We do not live by building ever more secure fences of possessions around ourselves, but by giving to others space to live. This is to give life to others. The human animal, human society, flourishes, not to the extent that it possesses riches, but to the extent that we give life to each other, to the extent that we imitate the creativity of God. Of course, as creatures we can only imitate it from a distance, We cannot act, as God does, for no benefit to ourselves. But we can live (either more or less) by the free gift we make to others. It is a question of which direction we are aiming for.
All this is just the platitude that the human animal lives by friendship and that human society perishes without it. But to aim at riches is to go away sorrowful because they are, in the end, corrosive of friendship. To aim at poverty, on the other hand, is to build friendship. And to aim at poverty, to grow up by living in friendship, is to imitate the life-giving poverty of God, to be godlike. The gospel does not tell us to have no possessions. It tells us to aim at poverty, to move towards it, and certainly not to aim at riches. We cannot serve both God and riches. There is something bizarre about the present popularity of the word ‘market’ as a metaphor for human society. Markets are surely a good and necessary part of living together, as are law courts and lavatories. But not of these are a useful model for what human society essentially is. Personal friendship is such a model. I am not saying that society should consist of nothing but personal friendships, for this is a greater friendship that belongs to our community in Christ. But personal friendship is an illuminating image or metaphor for a human living which would be an imitation or reflection of God’s creative poverty. The cares and insecurity of Mark’s rich man sent him away in sorrow. By contrast, to aim at poverty is to be given the joy by which we live in the Spirit – not only in this life but in eternity.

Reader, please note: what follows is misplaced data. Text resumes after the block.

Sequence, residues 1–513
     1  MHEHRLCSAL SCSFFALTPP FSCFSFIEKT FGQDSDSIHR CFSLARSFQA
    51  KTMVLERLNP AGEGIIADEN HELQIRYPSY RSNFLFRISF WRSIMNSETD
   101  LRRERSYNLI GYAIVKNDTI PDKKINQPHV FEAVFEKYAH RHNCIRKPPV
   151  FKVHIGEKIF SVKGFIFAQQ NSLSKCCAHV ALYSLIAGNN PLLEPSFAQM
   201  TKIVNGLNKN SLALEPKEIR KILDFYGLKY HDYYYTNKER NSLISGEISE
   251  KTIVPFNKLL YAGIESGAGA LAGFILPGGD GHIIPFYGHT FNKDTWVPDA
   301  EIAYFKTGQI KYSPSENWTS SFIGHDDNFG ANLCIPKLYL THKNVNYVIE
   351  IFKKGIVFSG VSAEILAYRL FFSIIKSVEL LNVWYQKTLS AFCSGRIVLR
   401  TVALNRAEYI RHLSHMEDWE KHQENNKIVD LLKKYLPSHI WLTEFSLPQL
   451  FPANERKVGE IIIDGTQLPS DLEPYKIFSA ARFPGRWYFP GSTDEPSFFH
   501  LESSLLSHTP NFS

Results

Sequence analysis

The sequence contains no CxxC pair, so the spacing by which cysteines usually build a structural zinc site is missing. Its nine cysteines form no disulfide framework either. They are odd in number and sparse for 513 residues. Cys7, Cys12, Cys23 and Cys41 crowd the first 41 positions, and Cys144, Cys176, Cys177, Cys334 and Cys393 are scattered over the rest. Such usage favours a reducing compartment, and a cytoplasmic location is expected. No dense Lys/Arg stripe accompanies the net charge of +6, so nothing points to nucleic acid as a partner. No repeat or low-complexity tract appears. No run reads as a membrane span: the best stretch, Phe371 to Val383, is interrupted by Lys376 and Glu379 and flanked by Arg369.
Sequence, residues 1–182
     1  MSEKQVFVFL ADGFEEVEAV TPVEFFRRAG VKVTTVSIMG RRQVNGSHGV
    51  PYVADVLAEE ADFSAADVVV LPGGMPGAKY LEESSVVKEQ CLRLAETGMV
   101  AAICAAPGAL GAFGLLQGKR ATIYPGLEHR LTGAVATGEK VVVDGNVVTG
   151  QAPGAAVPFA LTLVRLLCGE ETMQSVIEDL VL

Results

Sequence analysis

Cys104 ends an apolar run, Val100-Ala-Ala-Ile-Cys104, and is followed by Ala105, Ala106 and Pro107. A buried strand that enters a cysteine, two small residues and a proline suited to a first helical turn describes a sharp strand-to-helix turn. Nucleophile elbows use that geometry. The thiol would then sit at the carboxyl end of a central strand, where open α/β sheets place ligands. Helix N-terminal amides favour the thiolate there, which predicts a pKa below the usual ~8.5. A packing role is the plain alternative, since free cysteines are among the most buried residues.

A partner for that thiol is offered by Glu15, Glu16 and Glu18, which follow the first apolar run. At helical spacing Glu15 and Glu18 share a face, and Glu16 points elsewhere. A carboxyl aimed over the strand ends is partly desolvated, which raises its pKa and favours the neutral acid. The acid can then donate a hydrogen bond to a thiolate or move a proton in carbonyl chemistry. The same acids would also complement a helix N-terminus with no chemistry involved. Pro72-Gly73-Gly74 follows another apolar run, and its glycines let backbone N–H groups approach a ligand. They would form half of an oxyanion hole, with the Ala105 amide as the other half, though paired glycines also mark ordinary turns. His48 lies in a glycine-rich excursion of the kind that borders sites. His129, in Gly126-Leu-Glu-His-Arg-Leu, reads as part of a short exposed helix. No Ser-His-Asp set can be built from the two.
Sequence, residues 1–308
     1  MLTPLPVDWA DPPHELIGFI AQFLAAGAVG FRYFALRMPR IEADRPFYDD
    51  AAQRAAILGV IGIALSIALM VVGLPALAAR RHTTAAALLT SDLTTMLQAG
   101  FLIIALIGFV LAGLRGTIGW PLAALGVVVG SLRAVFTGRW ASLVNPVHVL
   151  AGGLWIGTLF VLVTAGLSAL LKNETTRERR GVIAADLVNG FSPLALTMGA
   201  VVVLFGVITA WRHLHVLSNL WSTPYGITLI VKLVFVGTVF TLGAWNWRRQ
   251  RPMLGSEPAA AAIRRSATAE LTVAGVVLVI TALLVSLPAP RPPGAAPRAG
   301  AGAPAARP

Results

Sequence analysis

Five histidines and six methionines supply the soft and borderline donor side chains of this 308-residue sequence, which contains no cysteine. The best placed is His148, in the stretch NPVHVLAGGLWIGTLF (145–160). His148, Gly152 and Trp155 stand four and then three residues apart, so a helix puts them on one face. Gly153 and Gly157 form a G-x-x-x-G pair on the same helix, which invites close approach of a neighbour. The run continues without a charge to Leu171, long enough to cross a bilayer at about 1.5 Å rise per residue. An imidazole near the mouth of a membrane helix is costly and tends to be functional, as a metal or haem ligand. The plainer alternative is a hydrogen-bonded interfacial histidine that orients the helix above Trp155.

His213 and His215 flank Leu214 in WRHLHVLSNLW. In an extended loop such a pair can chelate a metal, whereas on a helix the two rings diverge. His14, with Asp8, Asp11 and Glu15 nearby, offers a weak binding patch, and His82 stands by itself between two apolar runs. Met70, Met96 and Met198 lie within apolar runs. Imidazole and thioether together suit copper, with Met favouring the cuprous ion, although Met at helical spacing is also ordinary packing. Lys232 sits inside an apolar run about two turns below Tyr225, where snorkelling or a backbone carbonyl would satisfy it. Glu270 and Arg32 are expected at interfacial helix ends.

-Herbert McCabe in a sermon titled “Poverty and God,” collected in God, Christ and Us (2003). It might seem that McCabe is glorifying poverty but he dispels this earlier in the sermon. I’m interested in how he connects the aim toward poverty (in the pattern of Christ) with the priority of personal friendships for Christian people. I hope to preach a short series about friendship – a topic we Protestant people seem to neglect – and McCabe has been helpful a couple of times as I begin preparing.